Before and After: A 1953 Cape-Cod’s Cheery Facelift Brings Major Curb Appeal
Complete curb appeal makeovers can add both value and style to a house. Changing the exterior of your home (whether with paint, plants, or new purchases) has a major impact, but sometimes major impact can require a majorly big budget and major construction.
Michigan homeowner Teresa Abraham proves that’s not always the case, though. With the help of her family, she was able to breathe new life into the beige, Arbor vitae-covered exterior of her 1953 Cape Cod-style home, making small swaps with big payoff.
“The first day at the house we started cutting down all the shrubs in the front of the house,” Teresa says. “One of the neighbors was furious and gave us a talking-to!” Luckily for Teresa, the de-shrubbing paid off — and even got compliments from the neighbors, who didn’t know there were actually charming flower boxes behind all the greenery. Doubly lucky for Teresa was that the previous owner of her Cape Cod-style abode was an avid gardener. With the help of her family, Teresa transplanted some existing, less-overwhelming plants from the back of the home to the front.
Next, Teresa tackled the entry. Spray painting the railing, mailbox, and light (found at Goodwill) made the three look meant-to-be and cohesive, and painting the door teal added just the right pop of color without detracting from the blue-gray color scheme of the rest of the exterior. “The front stoop that used to be uninviting is now a show stopper,” Teresa says.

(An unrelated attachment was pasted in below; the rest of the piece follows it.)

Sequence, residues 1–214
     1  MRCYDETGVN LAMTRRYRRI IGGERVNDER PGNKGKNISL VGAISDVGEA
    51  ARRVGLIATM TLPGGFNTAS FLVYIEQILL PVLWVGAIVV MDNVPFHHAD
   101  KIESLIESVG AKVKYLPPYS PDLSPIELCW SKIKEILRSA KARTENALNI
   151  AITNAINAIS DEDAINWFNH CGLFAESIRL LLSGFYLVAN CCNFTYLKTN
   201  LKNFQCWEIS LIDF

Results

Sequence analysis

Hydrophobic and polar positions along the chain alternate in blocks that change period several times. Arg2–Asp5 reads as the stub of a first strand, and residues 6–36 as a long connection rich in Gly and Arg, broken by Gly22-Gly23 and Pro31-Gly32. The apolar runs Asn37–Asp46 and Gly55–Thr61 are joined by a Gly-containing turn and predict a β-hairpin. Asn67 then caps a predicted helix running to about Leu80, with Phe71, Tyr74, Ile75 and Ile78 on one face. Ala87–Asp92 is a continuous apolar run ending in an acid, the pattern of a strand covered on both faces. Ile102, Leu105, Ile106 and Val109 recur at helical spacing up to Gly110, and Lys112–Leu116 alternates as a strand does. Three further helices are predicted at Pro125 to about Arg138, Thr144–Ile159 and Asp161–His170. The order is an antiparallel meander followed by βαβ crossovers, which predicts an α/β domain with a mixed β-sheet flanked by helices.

Another one of Teresa’s favorite parts of her redo is the cedar shutters, which were handmade. If you look closely, you’ll notice another pop of cedar on the front of the home: the address. Homemade shutters, flowerboxes, and house numbers that you can actually see from the road all add value to a home, according to real estate agents, and Teresa’s curb appeal refresh checks all three boxes.
Finally, to complete the look and add a dose of Cape Cod charm to the house, Teresa added a $36 steel compass to its gable.
Teresa says there’s not one thing she doesn’t like about the after. This is her fifth DIY project, and one of her takeaways is that out-of-the box swaps lead to pleasant surprises. “The old rules of ‘you have to do it this way; this is how it’s supposed to be done,’ are out the door,” she says.
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